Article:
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Previous Challenge Entry (Level 3 – Advanced)
Topic: Father (as in paternal parent, not God) (04/10/08)

TITLE: A Father--To Be Or Not To Be
By Teresa Hollums
04/11/08


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A FATHER—TO BE OR NOT TO BE?

“And the cost is..?” came the question from the depths of the young man’s heart.

“It is the cost you want it to be,” came the very thoughtful answer into his mind.

“But I have no money—how can we adopt? We’ve spent every cent we have to try to have our own baby. My wife is exhausted from trying without any result. We are stretched to our limit and beyond. Now we need a different car. I need a small surgery. I’ve debt on my house and even one more year on my own used car payment.”

“And, the answer to the same question remains—it is the cost you want it to be.”

“How can it ever be the cost I want it to be—I want it to be no cost—just a normally born baby from my wife and I. There seems no logic in our inability to have our own child. I have examined everything we do, and I cannot see how we can ever afford at our preacher’s salary to put anymore money into trying to have our own child.”

“What about adopting?”

“What about adopting—what about adopting?” And the young man’s heartfelt cry came: “I would love to do that next—but where is the money—just where is the money?” The young man felt a tear come with his pleading for an answer.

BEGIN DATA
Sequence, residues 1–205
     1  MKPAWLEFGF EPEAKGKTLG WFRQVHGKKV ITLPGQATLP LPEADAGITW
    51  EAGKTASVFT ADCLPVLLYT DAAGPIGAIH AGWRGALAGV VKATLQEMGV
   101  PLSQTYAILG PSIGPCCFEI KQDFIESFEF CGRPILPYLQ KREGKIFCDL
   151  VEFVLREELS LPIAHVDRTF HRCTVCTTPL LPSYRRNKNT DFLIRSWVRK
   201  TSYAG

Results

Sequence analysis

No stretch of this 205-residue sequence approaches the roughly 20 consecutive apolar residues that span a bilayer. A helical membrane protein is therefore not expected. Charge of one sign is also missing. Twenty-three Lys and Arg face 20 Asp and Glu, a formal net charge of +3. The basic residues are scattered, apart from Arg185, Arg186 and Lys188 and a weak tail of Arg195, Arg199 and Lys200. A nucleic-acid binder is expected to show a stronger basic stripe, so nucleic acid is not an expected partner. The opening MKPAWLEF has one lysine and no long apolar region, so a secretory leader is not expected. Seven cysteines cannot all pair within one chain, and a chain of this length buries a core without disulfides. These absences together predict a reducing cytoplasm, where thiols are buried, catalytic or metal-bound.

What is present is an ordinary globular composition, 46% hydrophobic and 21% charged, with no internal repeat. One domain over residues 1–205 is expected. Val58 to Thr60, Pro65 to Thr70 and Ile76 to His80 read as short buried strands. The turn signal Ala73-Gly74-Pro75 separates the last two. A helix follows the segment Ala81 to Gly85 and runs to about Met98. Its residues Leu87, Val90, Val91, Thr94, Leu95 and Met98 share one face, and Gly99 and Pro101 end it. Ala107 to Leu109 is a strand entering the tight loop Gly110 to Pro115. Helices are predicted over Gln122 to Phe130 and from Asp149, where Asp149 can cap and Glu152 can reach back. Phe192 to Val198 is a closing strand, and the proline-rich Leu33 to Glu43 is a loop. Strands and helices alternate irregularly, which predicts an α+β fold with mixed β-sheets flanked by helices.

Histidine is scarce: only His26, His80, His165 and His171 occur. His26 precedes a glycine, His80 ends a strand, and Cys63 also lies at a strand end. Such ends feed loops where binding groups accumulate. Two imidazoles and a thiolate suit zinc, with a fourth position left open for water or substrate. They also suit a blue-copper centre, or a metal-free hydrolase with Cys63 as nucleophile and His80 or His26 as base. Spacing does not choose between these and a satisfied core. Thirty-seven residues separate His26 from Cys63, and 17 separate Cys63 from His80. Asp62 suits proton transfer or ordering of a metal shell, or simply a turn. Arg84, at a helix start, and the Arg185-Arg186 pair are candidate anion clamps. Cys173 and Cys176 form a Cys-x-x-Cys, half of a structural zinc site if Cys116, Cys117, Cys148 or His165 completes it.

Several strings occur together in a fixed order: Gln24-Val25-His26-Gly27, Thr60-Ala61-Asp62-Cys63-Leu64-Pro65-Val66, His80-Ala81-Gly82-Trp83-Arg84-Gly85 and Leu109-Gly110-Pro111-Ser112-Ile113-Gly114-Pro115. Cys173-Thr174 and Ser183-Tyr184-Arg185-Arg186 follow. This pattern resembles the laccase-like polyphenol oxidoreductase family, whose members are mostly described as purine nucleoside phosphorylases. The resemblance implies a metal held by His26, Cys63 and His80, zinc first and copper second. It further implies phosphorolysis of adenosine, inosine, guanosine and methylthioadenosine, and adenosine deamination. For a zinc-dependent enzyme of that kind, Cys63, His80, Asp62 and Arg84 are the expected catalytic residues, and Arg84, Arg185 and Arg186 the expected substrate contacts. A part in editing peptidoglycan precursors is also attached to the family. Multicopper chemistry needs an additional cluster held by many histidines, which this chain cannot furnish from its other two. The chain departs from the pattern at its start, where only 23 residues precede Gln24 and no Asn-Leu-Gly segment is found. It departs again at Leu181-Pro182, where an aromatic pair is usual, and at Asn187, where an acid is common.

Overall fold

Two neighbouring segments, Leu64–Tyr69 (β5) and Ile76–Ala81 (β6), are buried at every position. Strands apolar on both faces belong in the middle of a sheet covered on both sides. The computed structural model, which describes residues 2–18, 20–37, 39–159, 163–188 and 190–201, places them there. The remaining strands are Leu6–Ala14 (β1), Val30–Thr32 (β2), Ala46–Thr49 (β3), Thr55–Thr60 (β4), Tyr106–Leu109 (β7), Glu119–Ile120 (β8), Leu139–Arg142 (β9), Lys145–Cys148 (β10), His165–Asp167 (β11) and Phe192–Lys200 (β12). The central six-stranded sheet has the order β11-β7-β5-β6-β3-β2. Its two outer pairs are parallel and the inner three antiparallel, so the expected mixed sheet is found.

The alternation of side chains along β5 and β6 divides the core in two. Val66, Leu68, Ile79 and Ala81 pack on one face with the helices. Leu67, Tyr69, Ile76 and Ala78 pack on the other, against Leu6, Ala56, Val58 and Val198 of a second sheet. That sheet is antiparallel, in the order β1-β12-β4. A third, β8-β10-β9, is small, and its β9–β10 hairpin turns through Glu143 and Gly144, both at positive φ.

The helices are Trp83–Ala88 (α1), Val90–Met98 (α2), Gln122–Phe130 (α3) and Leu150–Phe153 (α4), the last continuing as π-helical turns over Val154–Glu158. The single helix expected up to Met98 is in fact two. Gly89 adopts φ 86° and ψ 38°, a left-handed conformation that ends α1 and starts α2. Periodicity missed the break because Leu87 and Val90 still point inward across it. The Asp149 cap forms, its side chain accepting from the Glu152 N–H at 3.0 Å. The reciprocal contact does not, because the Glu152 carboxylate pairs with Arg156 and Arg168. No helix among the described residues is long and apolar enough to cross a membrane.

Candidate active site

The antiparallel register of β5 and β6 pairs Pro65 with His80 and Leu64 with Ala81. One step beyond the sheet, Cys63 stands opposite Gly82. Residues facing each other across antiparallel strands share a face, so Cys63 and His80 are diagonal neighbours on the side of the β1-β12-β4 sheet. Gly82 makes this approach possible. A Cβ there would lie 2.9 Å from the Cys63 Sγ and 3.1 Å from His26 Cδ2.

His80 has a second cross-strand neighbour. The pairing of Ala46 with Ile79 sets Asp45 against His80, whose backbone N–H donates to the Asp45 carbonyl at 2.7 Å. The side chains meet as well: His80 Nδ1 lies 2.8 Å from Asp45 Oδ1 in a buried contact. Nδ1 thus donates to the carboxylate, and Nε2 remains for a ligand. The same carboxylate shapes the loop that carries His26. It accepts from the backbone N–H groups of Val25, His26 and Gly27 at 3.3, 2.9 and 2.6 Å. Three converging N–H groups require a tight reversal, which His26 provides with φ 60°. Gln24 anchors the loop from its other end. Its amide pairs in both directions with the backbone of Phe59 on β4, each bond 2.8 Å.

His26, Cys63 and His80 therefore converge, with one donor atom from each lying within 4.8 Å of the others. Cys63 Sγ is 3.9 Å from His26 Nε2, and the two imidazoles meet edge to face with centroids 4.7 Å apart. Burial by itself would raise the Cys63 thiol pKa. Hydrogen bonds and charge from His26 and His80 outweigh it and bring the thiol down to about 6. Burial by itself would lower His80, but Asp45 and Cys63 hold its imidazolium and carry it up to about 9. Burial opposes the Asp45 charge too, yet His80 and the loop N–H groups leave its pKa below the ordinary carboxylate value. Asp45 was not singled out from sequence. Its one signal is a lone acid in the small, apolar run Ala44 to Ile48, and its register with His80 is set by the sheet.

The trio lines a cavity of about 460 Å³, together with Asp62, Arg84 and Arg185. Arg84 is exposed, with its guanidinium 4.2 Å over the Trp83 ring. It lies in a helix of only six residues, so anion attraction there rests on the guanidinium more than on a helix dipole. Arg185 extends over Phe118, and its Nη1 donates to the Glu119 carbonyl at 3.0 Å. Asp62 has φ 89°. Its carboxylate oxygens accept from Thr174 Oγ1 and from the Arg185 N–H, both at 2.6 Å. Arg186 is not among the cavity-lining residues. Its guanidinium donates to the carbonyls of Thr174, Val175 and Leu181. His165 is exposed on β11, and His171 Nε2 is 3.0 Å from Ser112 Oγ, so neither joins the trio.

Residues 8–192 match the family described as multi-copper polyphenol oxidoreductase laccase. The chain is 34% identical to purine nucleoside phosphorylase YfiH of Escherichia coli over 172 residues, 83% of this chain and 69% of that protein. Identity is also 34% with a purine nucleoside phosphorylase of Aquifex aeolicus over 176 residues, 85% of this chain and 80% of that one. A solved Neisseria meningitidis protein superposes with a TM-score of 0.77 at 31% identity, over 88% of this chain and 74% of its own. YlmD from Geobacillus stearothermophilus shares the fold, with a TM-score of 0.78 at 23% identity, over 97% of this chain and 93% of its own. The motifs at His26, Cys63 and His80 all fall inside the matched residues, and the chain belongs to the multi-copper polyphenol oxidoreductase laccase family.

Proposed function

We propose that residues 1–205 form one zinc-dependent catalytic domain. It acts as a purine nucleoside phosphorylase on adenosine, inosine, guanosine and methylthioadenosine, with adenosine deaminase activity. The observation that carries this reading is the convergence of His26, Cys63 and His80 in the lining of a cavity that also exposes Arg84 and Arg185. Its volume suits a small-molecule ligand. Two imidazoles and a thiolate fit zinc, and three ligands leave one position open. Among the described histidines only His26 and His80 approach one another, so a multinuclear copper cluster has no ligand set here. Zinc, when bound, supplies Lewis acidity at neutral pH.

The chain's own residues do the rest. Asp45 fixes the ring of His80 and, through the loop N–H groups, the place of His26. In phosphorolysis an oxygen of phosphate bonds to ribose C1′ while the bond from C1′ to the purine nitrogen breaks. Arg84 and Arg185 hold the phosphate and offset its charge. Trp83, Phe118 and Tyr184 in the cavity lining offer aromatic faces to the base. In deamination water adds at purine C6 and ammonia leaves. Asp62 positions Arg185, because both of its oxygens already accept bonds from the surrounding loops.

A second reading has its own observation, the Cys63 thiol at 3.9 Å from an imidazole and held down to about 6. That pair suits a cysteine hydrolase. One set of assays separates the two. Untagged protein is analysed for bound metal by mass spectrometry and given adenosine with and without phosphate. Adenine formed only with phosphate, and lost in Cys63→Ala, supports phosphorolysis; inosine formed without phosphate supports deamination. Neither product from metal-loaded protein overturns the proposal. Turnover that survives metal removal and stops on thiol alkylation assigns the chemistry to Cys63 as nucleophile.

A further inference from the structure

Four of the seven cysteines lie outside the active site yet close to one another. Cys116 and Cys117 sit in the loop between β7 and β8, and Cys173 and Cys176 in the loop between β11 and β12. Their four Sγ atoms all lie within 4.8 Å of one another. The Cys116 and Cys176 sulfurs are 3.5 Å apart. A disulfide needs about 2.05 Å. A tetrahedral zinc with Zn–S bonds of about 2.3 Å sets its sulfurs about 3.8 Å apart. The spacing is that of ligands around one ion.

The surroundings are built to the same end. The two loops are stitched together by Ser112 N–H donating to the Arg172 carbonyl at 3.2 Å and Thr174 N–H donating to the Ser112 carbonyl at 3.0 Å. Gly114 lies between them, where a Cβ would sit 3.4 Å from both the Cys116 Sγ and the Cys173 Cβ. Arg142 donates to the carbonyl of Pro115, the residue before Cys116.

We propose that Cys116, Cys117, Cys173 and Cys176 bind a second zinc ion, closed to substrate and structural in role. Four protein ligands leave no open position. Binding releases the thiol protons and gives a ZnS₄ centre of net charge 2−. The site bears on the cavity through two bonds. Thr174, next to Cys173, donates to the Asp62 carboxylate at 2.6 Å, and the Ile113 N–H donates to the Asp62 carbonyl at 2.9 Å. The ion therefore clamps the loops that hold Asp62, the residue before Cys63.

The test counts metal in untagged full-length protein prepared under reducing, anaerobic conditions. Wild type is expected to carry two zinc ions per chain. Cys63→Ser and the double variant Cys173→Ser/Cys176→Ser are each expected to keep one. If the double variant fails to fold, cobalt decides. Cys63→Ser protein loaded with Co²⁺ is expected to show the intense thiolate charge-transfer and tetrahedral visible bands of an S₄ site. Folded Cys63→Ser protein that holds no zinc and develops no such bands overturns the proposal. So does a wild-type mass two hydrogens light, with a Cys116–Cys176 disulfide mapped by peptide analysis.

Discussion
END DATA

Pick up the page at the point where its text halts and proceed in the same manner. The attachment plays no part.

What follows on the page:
“The cost is still of your own choosing—how you spend what you have. Haven’t I given you plenty?”

“Of course you have.”

“Then just look at where it is going already.”

“But I’ve already done that…”

“And….?”

“And what?”

“Again, I ask, where is your money already going?”

“It’s going for food, housing, clothing, and the essentials—of course,” and the young man’s exasperated answer showed even more frustration.

“Again, I ask—are you sure that there aren’t some choices of money that you could cut out to save just a little each month—like your cable television or eating out or cutting down on gifts for special occasions?”

And the young man hung his head. His downcast demeanor showed his acquiescence to his real problem—who’s first? Several minutes passed. A sigh of resignation came with his admitting of his own real problem. “Yes, I know, I am living a certain way that I feel very comfortable and enjoy.”

“Well, then, can you give that up for what you say you want very, very much? A child is much sacrifice for adults to really face. And the answer to the question still remains: It is the cost you want it to be.”

And the young man continued to examine his motives, his priorities, and his soul. And his decision is? No one but him can know.


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This article has been read 331 times
Member Comments
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Sara Harricharan 04/17/08
I want to know! I want to know! lol. I'm hoping that he said..."yes" and gave up the comfort to bring in a little more 'love'. I liked this, it's fresh and different-with a good point. Your title is catchy too! ^_^
Tim Pickl04/17/08
This battle is captured so perfectly, from the title to the final sentence. At the end, I wonder--what happens next? My guess is he went through with the adoption!
Janice Cartwright04/18/08
I like the way you made the whole article a conversation with God. It is different and effective. The non-pat ending is also refreshing and thought provoking. Well done.
Debi Derrick04/19/08
A person I respected once told me that for everything we gain, there's something we give up. I think that is true and this article captures it well. Nicely done.